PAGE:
Topeka The "rubber stamp" incident continues to reverberate in the Statehouse.
Peter Brownlie, president and chief executive officer of Planned Parenthood of Kansas and Mid-Missouri, has written a letter critical of the way Kari Ann Rinker, state coordinator for the Kansas chapter of the National Organization for Women, delivered testimony last week in opposition to an abortion regulation bill.
Rinker, pulled an ink pad and rubber stamp from a paper bag, and told the House Federal and State Affairs Committee that since they had the votes to approve the bill to just go ahead and "rubber stamp" it. She also said the committee treated a Kansas NOW shabbily last year during testimony.
Several committee members criticized Rinker.
In a letter to the committee, Brownlie didn't mention Rinker by name, but said Planned Parenthood regretted testimony given that offended some on the committee. "As a trusted health care provider, Planned Parenthood's representatives always maintain a professional tone and respect for the legislative process and we hope others, regardless of their position on abortion, will do the same," Brownlie said.
In a piece Rinker wrote for Reproductive & Sexual Health Justice, she was unapologetic, saying that after years of offering testimony against numerous abortion bills approved by the Legislature, she tried a different tactic. She wrote: "So, how does a women’s reproductive rights advocate work within this establishment as it currently exists? We can stand before them, present all of the facts, try to encourage the legislative committees to consider science and not manufactured pseudo-science and withstand the barrage of ideologically driven, irrelevant line of questioning, thank them and then proceed home to lick our wounds and mourn our losses … or we can step outside of “protocol," challenge the norms and speak truth to power with every ounce of energy we have. This week, I choose the latter. I took a risk and I challenged the process itself, rather than focusing on the details of the latest and greatest legislative attack. I used a visual aid and I really, really ticked some people off."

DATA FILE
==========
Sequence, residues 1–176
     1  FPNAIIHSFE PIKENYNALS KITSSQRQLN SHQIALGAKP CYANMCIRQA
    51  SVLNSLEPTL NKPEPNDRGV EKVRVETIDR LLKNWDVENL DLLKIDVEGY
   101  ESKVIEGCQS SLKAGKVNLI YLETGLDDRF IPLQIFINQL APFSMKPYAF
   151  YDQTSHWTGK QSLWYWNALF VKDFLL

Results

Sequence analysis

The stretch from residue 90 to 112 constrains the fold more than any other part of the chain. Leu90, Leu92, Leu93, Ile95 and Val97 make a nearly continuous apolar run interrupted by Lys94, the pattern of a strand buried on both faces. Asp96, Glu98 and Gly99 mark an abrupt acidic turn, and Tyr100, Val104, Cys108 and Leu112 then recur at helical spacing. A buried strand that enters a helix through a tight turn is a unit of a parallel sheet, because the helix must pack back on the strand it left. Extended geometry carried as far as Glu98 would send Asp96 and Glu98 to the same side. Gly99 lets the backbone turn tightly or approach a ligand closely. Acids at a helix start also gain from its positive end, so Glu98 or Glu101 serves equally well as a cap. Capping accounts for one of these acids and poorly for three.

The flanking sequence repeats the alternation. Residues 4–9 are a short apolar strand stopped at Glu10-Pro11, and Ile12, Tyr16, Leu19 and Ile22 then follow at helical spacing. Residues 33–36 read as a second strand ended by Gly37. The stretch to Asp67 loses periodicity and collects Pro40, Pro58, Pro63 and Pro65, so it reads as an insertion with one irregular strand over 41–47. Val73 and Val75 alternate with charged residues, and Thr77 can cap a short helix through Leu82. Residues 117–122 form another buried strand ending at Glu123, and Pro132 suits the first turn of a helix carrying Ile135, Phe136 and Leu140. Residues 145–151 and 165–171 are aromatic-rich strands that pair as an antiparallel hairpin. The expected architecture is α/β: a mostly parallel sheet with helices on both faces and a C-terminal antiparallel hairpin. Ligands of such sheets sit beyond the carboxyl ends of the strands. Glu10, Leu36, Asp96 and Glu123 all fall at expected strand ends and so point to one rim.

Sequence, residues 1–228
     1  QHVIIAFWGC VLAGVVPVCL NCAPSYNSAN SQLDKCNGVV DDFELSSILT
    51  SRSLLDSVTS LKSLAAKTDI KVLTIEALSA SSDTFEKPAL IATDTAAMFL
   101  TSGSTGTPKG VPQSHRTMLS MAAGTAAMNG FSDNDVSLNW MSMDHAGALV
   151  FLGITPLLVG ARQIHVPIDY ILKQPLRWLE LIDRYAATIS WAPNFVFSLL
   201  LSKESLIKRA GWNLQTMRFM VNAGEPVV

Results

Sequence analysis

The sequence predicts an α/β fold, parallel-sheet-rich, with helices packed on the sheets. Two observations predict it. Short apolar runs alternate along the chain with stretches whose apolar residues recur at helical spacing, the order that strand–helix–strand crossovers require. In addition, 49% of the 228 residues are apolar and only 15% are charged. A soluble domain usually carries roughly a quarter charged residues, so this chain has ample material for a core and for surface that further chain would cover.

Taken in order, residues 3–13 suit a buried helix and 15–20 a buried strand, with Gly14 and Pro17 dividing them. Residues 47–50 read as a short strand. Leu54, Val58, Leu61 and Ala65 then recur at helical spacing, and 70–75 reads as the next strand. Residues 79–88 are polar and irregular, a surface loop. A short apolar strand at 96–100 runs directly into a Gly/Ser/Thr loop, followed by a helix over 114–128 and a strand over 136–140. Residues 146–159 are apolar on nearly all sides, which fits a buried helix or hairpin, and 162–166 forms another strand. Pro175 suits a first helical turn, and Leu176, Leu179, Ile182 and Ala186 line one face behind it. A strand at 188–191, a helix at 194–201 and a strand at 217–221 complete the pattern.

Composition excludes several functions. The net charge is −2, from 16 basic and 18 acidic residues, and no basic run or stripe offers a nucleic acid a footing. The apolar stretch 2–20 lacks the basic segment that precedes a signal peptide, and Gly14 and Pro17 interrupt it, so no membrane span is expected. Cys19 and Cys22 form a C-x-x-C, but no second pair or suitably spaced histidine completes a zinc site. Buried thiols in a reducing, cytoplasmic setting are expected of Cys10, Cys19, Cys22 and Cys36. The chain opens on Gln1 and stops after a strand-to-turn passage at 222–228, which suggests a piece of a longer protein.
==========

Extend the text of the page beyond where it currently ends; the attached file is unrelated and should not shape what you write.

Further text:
Last year, Rinker had brought three spare tires to the Capitol in protest of comments made by state Rep. Pete DeGraaf, R-Mulvane.
During debate on a bill requiring women to buy additional insurance to cover abortion, state Rep. Barbara Bollier, R-Mission Hills, noted that abortions would not be covered for cases of rape and incest.
DeGraaf responded, “We do need to plan ahead, don’t we, in life?”
Bollier then asked, “And so, women need to plan ahead for issues that they have no control over with pregnancy?”
DeGraaf responded, “I have a spare tire in my car. I also have life insurance. I have a lot of things that I plan ahead for.”
Rinker said the remarks trivialized rape and were demeaning to women.